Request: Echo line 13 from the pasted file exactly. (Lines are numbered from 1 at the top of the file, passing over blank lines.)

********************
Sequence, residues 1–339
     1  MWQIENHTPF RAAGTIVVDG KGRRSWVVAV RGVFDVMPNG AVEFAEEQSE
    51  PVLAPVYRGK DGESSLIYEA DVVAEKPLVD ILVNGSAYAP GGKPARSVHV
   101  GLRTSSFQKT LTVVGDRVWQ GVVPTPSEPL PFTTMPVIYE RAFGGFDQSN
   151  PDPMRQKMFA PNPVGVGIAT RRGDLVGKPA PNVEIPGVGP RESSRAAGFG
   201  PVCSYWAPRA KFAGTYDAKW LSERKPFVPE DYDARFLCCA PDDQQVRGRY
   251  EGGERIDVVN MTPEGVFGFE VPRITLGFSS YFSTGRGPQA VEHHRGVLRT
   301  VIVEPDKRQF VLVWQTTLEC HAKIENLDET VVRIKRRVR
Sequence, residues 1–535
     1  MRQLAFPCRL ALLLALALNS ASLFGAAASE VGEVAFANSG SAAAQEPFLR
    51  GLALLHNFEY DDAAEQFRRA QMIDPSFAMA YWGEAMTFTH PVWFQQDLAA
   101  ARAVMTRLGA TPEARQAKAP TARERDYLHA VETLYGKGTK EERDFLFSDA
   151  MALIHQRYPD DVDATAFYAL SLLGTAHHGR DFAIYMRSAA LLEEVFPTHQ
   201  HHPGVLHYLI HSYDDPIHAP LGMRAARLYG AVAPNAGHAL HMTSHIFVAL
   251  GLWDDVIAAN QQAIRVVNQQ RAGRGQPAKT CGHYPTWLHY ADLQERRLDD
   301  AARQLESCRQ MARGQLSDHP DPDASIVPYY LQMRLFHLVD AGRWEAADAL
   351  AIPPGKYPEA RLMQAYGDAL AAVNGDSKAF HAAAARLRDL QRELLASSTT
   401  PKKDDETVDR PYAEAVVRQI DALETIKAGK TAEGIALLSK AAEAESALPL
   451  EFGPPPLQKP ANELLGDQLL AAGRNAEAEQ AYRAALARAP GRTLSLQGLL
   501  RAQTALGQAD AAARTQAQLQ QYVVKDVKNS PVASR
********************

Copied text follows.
   151  MALIHQRYPD DVDATAFYAL SLLGTAHHGR DFAIYMRSAA LLEEVFPTHQ